The socials can be a huge timewaster. I do think the amazon kdp program is good - it's a relatively easy way into the market, but as such the market is very saturated. During the free week I tried I had 83 downloads but practically none before or since. There are so many free books available at any one time. But as I read somewhere else, maybe on your earlier post, free encourages people to just click away without buying into the product - I doubt many of those 83 have actually read the book.

I have used this first short story as a testing ground for the whole process and it has proved very useful - nothing like doing it for real. I have fine tuned it numerous times live now as that only takes about 10 hours each time and as hardly anyone is buying it, it doesn't matter. The only disadvantage is you can appear to buy it only once yourself so I'm stuck with the first version I downloaded so can't actually see exactly what it looks like on a kindle at the moment. The fine tuning has included changes to the front and end matter more than anything else. Manipulation of the Look Inside section, insertion of links at the back. I also picked up a few good tips on youtube for making the product detail stand out with some html.

Like you say so much more to learn - I've got a huge list of further tweaks to try. All this will be alot easier and quicker second time. Good luck.

Jon Edgell said...

I hadn't heard of copromote (their home page made me feel a bit dizzy) nor Writeon - this is a sort of work in progress depository for peer review?? Personally happy to miss that stage out and go straight to live and risk live reviews but know there are loads of communities and groups and forums where authors will cross review work in progress. Guess it helps alot if you are too close to something to be objective. There are lots of Writers' communities on Google+ but I find it so difficult to use (having said that I have made a couple of good contacts there).

Luke Kendall said...

Hi, Jon. Thanks for letting me know about your blog - I'll be reading through it, seeing what I can learn from your experiences. I see the sense in using a short piece as your testing ground: I discovered through hard experience that learning your craft via writing a full-length novel means that every time you uncover a flaw in your writing style you have have a lot of work to do, to fix it! But I don't generally like short stories, since I love characters and deep plots; and apart from all that, I feel a deep commitment to my main character and her story. I feel I owe it to Leeth to bring her to life. So, novel-writing it is!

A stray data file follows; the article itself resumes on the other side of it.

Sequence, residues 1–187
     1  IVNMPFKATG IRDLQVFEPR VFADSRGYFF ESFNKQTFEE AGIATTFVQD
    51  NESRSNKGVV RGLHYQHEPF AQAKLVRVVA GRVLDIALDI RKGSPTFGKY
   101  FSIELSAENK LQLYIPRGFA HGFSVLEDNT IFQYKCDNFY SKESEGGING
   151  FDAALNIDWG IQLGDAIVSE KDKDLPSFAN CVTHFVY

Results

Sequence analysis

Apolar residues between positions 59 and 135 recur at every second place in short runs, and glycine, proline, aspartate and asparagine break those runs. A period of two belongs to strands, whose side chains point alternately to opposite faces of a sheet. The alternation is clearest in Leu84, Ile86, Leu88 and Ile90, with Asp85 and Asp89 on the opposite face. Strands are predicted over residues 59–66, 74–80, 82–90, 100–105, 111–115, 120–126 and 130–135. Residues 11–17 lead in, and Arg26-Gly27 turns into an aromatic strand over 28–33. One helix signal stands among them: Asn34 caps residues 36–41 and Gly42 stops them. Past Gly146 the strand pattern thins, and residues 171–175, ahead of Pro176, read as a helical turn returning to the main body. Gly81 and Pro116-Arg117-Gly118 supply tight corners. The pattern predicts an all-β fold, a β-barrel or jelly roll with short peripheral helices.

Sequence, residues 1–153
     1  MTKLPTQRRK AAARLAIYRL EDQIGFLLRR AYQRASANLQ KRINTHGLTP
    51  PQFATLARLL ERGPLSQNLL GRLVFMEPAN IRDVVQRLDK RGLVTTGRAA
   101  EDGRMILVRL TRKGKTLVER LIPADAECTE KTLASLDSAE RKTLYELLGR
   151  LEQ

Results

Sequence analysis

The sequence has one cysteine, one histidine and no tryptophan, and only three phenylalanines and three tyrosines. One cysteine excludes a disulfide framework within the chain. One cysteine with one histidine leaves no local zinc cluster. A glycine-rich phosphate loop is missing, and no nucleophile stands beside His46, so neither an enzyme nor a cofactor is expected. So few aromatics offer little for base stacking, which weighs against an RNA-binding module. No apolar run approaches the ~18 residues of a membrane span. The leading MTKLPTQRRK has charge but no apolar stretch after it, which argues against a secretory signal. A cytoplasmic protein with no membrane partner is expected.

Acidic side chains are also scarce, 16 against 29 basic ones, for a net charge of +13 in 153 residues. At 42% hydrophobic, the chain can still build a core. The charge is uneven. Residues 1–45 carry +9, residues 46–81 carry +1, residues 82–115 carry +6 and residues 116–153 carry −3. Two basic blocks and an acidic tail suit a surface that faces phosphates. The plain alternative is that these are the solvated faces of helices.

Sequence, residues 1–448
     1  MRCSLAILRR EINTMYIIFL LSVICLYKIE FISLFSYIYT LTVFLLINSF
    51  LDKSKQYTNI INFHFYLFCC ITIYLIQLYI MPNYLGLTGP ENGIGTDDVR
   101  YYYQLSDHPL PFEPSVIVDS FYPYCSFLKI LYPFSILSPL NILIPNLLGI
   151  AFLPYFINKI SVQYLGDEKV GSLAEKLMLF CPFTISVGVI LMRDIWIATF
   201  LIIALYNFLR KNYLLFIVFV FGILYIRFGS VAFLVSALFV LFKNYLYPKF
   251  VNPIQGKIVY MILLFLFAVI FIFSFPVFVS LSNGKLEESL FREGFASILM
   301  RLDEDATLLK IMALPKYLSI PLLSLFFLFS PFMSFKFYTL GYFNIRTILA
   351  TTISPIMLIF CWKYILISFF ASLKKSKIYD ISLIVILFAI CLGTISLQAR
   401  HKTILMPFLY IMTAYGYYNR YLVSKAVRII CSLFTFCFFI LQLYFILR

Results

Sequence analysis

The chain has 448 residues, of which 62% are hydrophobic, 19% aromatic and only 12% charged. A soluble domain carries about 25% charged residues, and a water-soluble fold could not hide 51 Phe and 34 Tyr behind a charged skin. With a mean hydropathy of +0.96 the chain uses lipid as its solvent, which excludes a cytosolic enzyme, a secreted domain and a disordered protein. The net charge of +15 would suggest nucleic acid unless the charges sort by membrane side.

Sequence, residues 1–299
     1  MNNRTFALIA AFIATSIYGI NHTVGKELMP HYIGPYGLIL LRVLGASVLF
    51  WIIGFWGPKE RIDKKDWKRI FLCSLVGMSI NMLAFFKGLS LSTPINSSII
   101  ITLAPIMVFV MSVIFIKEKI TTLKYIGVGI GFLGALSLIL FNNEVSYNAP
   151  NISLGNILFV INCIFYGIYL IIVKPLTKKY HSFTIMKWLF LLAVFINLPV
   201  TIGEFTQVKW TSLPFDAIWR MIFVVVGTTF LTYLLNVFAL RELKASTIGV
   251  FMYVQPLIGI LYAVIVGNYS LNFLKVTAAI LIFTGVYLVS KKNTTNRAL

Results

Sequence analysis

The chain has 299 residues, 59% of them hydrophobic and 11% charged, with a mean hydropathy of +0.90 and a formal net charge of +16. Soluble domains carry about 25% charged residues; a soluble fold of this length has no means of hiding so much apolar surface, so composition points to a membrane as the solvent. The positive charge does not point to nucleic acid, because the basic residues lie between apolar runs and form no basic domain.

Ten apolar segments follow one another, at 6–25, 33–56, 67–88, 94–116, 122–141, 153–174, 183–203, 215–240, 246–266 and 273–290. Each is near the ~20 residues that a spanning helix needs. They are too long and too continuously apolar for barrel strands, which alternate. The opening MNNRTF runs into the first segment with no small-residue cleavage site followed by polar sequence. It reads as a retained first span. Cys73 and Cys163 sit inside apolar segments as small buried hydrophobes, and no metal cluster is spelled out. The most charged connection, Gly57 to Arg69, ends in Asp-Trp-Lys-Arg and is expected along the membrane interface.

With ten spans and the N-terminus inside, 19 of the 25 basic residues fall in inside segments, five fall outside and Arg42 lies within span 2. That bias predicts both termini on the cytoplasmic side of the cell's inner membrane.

Your comment about the socials being a huge time-waster echoes my own fears on that topic. Yet at the same time I can see that when you're self-publishing, you have no giant publishing house's marketing department to amplify what you give them to work with: you're kind of a one-man band doing it all yourself. So my goal with social media is to try to learn to use it wisely - to give good, useful information: stuff that will help those readers who may like my work, to find it.

Regarding not being able to see your updates - that seems very strange to me. If an author updates their work, I usually get to see it, as the version is updated/re-downloaded. Have you tried looking at your work in the Amazon cloud reader, that you just use in your browser? If you can't see it, I'd contact Amazon help to ask them what's going on.

Regarding tweaks, I 'looked inside' Rayne Hall's "Why Does My Book Not Sell" at Amazon and liked it enough to buy it. It has useful tips on a wide range of subjects - you might like to have a search for it and see what you think. (I bought it to go with her "Twitter for Writers" book.)

Luke Kendall said...

Yes, I have no real experience with CoPromote, either, I simply heard about it and I've looked through their site a little. I plan to delve into it more seriously in future. I haven't grasped the concept properly, yet, I'm sure.

WriteOn? Yes, it's Amazon's site where writers can post their works-in-progress, in the hope that other writers will review it as they go and give useful feedback. It's quite new, only coming out of Beta-testing in March I think. I got involved with it because I misread some emails Amazon sent me (as a past ABNA entrant). They sent two emails, one about Kindle Scout, one about WriteOn, but didn't name them as such and I conflated the two concepts and signed up to WriteOn thinking it was Scout. It took me two weeks before I posted a question expressing my puzzlement on a forum there, and learned by chance that I'd signed up to the 'wrong' one. :-)

Come to think of it, I should probably write up a blog entry about that topic – authors workshops. I have one I particularly like, and use two others, too. When they work, they're invaluable: not just because they solve the problem of being too close to be objective, but more importantly because they bring a breadth of viewpoints and life experiences that an individual can't match.

Re Google+: I basically agree. But I've been using it a little more seriously. It shares some user interaction modes with Blogger and Google Sites, so I find that what I learn in one often translates pretty directly across to the others. So I'm getting into it more, and finding it quite good.